Sir Norman Rosenthal – One hundred Years ago: The future languages of art in Russia around 1917

Excerpt from the publication “The Future Is Our Only Goal”, fully illustrated catalog published by Galerie Gmurzynska on the occasion of the special Art Basel Miami Beach 2016 presentation The Future Is Our Only Goal, an in-depth survey of the Russian Avant-Garde on the eve of the 1917 Russian Revolution 100th year anniversary.

Excerpt from the publication “The Future Is Our Only Goal”, fully illustrated catalog published by Galerie Gmurzynska on the occasion of the special Art Basel Miami Beach 2016 presentation The Future Is Our Only Goal, an in-depth survey of the Russian Avant-Garde on the eve of the 1917 Russian Revolution 100th year anniversary.


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If 1915 was the magic date for the future language of art in

Russia, 1917 was the magic date for Russia as a whole –

the moment when out of the turbulence of war the old order

definitively collapsed, and a new optimistic Soviet world was

born that promised equality and freedom for all.

Culturally, there were three short, rapidly evolving decades,

affected, in no small measure, by the energetic promotion of

that legendary impresario Sergei Diaghilev. Russian artists

were working through all the great Western movements

of art, including Symbolism, Fauvism, Futurism, Cubism,

Expressionism, Orphism, and last but not least, Primitivism, but

always included distinct elements that betrayed their cultural

obsessions and traditions. In 1915 Kazimir Malevich made that

BIG MOVE which was to change the course of Western art in a

way that reverberates to this day.

Thus on 19 December 1915 near the very centre of St. Petersburg

- then because of the great War known as Petrograd and within

a few years to become Leningrad - and still at that moment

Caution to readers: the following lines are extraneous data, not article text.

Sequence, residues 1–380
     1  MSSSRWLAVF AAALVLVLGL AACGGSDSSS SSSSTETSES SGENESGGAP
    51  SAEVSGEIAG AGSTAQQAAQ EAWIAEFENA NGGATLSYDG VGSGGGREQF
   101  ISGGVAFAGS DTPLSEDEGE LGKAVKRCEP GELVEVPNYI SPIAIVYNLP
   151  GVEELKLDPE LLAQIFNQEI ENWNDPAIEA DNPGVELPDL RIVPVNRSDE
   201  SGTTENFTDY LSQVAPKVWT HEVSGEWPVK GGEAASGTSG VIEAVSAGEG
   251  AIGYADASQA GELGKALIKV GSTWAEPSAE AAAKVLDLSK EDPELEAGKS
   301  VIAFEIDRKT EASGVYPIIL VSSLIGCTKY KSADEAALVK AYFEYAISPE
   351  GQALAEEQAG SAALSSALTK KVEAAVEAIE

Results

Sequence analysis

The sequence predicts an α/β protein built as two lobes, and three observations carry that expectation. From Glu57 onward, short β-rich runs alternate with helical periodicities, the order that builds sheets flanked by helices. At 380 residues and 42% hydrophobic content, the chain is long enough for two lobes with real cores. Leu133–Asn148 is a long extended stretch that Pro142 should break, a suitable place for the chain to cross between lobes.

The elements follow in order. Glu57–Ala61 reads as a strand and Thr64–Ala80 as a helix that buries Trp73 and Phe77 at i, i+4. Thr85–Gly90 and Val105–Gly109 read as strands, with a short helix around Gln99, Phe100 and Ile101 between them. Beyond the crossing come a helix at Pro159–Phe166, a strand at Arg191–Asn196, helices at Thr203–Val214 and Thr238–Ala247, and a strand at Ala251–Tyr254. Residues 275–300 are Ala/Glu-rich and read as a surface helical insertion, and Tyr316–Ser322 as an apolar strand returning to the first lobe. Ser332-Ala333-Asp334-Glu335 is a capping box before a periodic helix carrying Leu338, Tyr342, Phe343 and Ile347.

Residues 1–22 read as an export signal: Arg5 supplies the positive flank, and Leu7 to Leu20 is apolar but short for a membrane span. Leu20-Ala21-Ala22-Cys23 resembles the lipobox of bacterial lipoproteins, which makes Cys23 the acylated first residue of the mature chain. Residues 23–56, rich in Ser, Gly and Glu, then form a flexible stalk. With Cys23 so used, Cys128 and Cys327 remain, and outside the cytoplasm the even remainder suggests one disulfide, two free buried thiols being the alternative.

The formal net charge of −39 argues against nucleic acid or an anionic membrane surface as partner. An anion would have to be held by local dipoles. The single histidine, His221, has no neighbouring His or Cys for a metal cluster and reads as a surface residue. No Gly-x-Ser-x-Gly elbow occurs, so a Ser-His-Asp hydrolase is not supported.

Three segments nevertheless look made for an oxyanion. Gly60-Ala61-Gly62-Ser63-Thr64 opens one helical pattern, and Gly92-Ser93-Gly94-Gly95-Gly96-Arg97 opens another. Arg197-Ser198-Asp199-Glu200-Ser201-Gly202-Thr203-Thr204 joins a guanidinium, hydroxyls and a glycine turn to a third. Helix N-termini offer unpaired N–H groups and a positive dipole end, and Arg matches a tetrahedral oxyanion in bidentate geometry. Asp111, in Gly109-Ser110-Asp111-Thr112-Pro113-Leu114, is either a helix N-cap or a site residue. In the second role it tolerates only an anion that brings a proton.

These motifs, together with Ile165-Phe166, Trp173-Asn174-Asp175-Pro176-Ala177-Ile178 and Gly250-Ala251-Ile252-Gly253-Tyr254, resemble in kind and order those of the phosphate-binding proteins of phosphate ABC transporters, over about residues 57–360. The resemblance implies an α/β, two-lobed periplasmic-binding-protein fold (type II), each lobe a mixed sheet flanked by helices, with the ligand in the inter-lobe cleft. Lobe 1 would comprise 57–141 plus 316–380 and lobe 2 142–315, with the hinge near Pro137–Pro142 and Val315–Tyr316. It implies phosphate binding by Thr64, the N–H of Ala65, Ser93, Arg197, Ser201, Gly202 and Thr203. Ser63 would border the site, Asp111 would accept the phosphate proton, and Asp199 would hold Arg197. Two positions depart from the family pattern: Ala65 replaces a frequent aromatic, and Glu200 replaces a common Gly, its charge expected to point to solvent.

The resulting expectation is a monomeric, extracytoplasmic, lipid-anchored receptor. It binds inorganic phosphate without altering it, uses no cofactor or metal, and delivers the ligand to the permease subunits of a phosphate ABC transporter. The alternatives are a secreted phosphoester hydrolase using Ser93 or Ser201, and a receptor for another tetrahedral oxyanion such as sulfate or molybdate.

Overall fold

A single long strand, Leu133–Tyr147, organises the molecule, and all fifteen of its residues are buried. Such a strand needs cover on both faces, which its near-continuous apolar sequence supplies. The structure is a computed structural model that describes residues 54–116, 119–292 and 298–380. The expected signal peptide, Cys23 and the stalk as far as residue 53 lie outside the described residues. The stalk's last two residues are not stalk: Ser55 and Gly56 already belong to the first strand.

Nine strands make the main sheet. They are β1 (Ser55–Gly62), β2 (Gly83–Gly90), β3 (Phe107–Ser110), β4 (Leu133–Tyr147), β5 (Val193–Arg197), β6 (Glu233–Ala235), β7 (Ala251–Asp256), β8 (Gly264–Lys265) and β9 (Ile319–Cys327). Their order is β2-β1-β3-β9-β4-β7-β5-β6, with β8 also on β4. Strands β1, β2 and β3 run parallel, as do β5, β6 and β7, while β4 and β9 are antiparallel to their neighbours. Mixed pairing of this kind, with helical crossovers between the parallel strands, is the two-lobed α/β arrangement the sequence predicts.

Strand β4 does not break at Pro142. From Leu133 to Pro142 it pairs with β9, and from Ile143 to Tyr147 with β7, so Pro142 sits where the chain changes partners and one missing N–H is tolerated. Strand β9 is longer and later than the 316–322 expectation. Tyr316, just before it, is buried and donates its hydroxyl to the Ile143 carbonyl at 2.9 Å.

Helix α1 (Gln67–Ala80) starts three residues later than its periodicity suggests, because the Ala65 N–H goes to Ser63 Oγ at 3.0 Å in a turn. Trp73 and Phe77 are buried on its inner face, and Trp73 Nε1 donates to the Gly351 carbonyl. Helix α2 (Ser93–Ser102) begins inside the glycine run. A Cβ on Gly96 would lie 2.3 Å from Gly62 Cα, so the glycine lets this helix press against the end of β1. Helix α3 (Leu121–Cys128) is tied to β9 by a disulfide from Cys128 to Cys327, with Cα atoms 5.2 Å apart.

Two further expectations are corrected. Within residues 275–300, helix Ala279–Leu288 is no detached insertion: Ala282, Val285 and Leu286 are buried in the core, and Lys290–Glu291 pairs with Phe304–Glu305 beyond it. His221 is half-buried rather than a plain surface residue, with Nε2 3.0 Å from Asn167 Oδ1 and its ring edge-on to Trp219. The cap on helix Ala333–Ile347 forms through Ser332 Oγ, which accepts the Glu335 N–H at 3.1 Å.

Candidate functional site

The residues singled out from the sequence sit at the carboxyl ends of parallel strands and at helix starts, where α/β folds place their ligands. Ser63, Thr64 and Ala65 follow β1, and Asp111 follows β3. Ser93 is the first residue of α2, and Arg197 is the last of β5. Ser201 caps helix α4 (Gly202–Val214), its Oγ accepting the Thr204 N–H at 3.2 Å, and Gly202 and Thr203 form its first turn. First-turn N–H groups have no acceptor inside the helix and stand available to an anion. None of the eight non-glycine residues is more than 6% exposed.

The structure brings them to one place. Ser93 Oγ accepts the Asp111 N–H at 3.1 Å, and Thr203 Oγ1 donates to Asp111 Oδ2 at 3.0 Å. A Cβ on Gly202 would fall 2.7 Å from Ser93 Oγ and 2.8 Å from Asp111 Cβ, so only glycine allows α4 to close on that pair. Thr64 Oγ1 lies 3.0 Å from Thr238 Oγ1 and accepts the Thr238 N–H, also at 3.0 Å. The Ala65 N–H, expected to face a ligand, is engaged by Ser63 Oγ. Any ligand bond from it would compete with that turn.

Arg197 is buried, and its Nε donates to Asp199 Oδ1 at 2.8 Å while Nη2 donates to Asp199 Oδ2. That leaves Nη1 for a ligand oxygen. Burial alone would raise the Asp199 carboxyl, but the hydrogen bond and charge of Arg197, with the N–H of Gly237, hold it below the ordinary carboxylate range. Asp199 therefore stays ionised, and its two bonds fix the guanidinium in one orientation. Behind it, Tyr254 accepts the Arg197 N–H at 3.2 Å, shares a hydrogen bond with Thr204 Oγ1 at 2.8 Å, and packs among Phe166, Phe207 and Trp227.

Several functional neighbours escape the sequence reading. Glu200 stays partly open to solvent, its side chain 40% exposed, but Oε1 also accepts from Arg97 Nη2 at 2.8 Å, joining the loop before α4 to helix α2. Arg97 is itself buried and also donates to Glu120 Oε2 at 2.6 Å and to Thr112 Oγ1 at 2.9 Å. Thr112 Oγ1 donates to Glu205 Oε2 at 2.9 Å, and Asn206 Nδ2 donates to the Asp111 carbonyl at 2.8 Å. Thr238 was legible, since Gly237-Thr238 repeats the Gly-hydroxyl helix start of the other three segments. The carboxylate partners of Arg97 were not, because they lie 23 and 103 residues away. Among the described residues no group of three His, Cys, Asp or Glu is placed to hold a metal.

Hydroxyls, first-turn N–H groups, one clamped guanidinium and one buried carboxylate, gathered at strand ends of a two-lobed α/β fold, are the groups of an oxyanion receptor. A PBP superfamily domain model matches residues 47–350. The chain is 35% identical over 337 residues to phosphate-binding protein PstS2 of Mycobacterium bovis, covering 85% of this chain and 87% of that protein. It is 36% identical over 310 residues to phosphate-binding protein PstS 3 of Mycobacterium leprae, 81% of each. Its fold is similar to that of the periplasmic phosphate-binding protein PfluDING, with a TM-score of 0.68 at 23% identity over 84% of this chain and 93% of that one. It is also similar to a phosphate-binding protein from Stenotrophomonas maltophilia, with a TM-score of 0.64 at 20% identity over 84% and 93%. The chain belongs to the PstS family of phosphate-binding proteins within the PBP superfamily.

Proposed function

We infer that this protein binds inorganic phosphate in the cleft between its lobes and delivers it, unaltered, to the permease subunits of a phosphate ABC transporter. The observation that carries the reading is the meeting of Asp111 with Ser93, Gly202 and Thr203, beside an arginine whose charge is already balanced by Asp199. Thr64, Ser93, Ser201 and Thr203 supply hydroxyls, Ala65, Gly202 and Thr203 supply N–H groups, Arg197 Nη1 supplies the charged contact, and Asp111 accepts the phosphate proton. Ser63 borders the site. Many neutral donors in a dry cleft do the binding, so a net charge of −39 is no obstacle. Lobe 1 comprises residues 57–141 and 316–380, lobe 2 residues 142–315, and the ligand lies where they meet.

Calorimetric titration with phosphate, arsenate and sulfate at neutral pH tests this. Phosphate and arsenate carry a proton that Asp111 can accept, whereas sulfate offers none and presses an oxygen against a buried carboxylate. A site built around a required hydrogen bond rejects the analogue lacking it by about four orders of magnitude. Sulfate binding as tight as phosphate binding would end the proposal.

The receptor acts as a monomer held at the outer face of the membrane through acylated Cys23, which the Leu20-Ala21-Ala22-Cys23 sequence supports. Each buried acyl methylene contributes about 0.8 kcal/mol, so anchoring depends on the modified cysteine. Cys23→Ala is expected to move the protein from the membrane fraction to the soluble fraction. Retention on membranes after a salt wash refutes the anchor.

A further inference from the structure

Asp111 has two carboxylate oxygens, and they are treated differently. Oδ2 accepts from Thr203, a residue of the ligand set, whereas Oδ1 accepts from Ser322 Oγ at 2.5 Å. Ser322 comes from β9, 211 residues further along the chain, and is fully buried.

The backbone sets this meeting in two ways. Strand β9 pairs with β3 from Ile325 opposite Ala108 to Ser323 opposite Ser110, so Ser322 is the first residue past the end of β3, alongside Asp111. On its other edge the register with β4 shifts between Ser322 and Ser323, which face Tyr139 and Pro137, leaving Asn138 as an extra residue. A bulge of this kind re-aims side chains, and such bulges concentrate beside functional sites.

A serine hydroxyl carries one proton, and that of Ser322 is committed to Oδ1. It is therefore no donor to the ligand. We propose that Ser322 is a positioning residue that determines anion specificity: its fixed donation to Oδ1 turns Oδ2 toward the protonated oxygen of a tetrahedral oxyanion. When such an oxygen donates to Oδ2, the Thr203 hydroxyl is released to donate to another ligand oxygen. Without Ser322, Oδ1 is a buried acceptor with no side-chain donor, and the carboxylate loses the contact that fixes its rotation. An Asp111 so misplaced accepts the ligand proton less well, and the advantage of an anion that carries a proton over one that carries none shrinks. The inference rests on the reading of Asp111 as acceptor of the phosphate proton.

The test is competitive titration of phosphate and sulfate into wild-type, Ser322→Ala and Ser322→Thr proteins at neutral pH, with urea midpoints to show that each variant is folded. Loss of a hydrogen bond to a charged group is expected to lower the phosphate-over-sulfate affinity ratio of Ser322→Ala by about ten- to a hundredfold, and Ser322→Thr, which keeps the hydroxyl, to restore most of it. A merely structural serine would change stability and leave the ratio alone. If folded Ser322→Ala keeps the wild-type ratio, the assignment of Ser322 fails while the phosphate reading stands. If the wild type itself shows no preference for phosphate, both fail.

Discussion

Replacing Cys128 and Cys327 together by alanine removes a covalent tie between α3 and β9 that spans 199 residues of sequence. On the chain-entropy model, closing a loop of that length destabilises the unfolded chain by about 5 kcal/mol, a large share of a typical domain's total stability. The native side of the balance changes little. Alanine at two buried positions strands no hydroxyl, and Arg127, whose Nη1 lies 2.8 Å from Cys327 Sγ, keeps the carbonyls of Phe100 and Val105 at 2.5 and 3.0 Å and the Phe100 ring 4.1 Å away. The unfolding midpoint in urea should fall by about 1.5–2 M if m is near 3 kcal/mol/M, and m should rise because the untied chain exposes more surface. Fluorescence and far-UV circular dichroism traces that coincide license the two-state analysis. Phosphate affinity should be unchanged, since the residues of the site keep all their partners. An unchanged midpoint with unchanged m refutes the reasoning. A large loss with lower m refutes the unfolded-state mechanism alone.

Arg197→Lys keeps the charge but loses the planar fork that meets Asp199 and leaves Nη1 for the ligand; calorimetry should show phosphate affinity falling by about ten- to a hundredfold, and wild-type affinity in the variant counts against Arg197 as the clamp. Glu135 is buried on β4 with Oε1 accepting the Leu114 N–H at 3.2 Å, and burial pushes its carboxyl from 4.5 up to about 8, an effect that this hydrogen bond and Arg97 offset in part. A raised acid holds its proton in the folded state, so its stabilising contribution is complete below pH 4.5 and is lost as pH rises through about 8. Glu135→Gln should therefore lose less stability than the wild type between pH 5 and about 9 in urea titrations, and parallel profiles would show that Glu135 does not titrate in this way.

the Westward looking capital of Russia - in a large first floor

apartment called the “Art Bureau” that belonged to Nadezhda

Dobychina, an energetic wealthy woman promoter of the new

art, opened the historic exhibition called “The Last Futurist

Exhibition 0.10”. Some fourteen artists gathered around

Vladimir Tatlin as well as Malevich himself - leading rival camps

- took part in this show. But it was here too that Malevich was

able to mount his own ground breaking display that announced

the new art of SUPREMATISM. At its apex high up in the corner



of his room like a Russian ikon - a fact immediately noted by his

peers - was hung the BLACK SQUARE. As already an outstanding

and well known painter, Malevich had himself worked through

all the “isms” before arriving at this most radical and defining

moment that was instantly a sensation for all the radical artists

and their supporters. The exhibition itself was to close on 19

January 1916.

In 1917, the moment of the Soviet Revolution – it should be said

that since 1905 there had been much anticipatory turbulence

that was intensified after the onset of the Great War in 1914

– consolidated the position of all the radical artists of Russia.

Even those who were abroad, such as Chagall and Kandinsky,

came home to take over the art schools, to bring the new radical

art into all aspects of life: architecture, design, theatre, and

progressively radical street propaganda. This was to be the

realization of the most Utopian of Dreams that may of course

have ended in tears and far worse, but while it sustained

itself in spite of all the terrible difficulties brought on by the

realization of the new order it was a period of elation and

bottomless optimism.

Vladimir Tatlin’s project for the “Monument to the Third

International” (1919/20) was a slowly rotating tower designed to